Comic Review: Dungeons & Dragons: Cutter #1
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Dungeons & Dragons: Cutter #1
Written by R.A. Salvatore & Geno Salvatore
Art by David Baldeon
Color by David Garcia Cruz
Letters by Neil Uyetake
Covers by Steve Ellis, David Baldeon
IDW Publishing
Release Date: April 10, 2013
Cover Price: $3.99

The hardest part about reviews for something that R.A. Salvatore has released is coming up with a new way to introduce his work. All I really want to do is grab people and shake them forcefully while screaming “Why haven’t you read him yet?” But I hear that is illegal in some places…*sigh* This go around he is writing with his son Geno Salvatore, which has yielded some excellent results in the past. Dungeons & Dragons: Cutter #1 is the first in a five-issue series that centers around a sword that has been around for a while, passing from warrior to warrior.

But Cutter is no ordinary blade, not by a long stretch (see what I did there? It’s a longsword!). It’s Drow name is Khazid’hea and its true nature is that of death and destruction. For you see, this sword is sentient in the most malevolent of ways, it’s only goal is to be wielded by the finest warrior. Having first appeared in Salvatore’s Starless Night, we have seen it alter its own appearance to entice warriors to claim it as their own. From a weapons master in the Underdark to Drizz’t Do’Urden to Cattie-Brie and so on…this sword has been seeking its perfect match. Is it finally coming to pass? Only time will tell as this miniseries breathes more life into the sword’s story and that of the Drow family that currently possesses it.

The beginning of the story allows us to bear witness to a vicious sparring match between brother and sister, Tierflin and Doum’weille. The reward for this test is the right to bear Cutter, something they both see as their birthright. Their father, Tos’un Armgo, was wounded in battle and is now considered unfit to carry the sword by the magical weapon itself. After all, what can a crippled renegade do for the greatest sword ever? Using it’s telepathic abilities to influence members of the family, Cutter plays one against another to tragic results…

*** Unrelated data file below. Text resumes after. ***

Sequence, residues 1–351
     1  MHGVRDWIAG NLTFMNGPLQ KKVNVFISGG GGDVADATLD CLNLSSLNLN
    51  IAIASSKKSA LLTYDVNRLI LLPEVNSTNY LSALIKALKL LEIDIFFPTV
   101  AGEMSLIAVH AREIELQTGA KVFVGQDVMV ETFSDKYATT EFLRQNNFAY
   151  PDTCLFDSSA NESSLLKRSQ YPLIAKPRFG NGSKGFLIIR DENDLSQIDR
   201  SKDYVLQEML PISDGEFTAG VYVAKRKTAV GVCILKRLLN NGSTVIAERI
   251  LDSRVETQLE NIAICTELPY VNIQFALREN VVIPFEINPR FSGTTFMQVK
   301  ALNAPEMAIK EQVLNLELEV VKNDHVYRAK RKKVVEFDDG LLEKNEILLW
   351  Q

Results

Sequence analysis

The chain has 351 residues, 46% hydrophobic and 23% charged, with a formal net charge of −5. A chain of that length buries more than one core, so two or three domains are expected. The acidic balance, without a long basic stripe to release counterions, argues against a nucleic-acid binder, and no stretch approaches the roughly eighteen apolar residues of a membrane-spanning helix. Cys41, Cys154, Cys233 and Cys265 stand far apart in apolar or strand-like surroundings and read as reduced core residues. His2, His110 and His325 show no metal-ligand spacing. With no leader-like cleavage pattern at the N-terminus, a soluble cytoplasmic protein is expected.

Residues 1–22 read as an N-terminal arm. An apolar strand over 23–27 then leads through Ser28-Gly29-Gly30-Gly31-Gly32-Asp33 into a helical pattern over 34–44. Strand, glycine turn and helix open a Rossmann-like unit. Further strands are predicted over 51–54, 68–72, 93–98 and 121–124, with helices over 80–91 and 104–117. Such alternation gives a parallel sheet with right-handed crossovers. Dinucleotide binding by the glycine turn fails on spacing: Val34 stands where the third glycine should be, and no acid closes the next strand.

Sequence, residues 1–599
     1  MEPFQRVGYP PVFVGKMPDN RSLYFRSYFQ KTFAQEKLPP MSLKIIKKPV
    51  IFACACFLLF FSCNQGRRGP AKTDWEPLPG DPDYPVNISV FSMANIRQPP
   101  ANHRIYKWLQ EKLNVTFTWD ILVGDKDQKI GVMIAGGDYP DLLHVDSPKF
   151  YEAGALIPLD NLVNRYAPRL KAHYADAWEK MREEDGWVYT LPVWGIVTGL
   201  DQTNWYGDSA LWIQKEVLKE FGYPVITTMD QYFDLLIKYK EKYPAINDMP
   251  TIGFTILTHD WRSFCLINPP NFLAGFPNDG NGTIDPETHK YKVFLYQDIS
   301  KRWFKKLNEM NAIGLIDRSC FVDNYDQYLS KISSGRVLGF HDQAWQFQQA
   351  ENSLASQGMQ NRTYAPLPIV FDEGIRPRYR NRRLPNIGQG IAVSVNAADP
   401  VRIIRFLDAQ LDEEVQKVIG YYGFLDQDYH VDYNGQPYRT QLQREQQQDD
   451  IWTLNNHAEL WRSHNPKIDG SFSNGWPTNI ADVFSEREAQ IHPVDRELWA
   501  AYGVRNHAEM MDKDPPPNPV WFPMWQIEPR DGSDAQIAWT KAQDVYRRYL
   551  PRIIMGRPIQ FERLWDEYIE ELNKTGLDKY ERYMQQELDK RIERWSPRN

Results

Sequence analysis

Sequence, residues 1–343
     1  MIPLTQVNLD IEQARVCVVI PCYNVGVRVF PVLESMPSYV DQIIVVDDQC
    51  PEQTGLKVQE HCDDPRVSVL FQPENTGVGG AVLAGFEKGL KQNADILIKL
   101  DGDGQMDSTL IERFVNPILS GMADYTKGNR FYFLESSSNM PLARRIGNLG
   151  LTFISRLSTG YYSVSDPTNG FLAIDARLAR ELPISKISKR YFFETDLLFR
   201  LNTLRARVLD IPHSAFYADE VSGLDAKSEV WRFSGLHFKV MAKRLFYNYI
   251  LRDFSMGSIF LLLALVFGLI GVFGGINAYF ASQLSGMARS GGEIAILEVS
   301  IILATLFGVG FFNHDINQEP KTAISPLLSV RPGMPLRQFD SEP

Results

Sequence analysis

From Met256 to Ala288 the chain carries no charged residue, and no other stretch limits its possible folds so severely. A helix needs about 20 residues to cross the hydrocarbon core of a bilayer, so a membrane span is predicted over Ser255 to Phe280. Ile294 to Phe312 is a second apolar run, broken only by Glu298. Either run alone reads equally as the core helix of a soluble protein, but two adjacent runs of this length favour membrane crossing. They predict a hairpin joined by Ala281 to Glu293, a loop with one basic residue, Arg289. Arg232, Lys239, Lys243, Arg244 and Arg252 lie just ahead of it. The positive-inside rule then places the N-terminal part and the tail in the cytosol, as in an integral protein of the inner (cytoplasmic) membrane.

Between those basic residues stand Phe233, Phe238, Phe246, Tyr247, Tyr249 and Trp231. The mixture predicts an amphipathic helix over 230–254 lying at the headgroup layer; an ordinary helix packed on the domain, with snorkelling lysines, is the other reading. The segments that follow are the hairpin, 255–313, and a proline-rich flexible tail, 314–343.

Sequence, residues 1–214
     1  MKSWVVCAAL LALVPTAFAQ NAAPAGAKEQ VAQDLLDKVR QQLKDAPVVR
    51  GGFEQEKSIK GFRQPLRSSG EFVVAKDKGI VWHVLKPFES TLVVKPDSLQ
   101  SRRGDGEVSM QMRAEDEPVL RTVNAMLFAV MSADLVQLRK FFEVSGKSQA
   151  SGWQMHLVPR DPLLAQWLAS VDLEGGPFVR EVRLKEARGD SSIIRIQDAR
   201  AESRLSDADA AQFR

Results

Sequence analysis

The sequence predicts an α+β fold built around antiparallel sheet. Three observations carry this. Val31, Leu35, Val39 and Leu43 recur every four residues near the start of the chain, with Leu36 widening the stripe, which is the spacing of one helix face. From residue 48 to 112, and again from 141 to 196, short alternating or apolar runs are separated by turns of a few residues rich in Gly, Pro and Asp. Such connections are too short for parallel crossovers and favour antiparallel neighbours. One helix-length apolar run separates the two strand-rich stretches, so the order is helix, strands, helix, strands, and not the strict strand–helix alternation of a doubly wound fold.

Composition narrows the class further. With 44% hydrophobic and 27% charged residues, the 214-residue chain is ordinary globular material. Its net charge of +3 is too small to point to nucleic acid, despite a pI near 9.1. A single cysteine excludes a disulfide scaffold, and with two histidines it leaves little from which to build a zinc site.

The story is set in motion with this first issue, focusing in on the sword and it’s wants rather than any one particular person. I like the concept of following the weapon as the prime character, hopefully that continues throughout the series. Trying to connect with Cutter, however, is impossible. It’s only true love is war. It seeks what it was created to seek…death. Watching the way it manipulates the characters, it feels very Machiavellian to the reader. It was a twisted little start of what I can only presume will be a twisted little story and I loved it.

I thoroughly enjoyed the art from David Baldeon, it was crisp and clean. Lending itself to the tale rather than attempting to overshadow it. I think it pairs well with the way the Salvatores tell the story. I look forward to seeing more of it in issues to come. IDW Publishing made a great choice having  Steve Ellis do some their cover art for this book, too. He has worked as penciler and inker on a plethora of comics and I’ve long been a fan of his art.

I have already shown you folks a preview of this comic and hope that it convinced all you fantasy lovers to pick this one up. It’s not often that we get to see some of Salvatore’s books being expounded upon, especially when he’s the one telling the story.  The Forgotten Realms keep getting larger and more detailed, a wonderful thing for those of us that grew up playing role-playing games and lugging around huge bags of dice. Embrace your inner gaming nerd and grab this while you can, it hits shelves this Wednesday, April 10.

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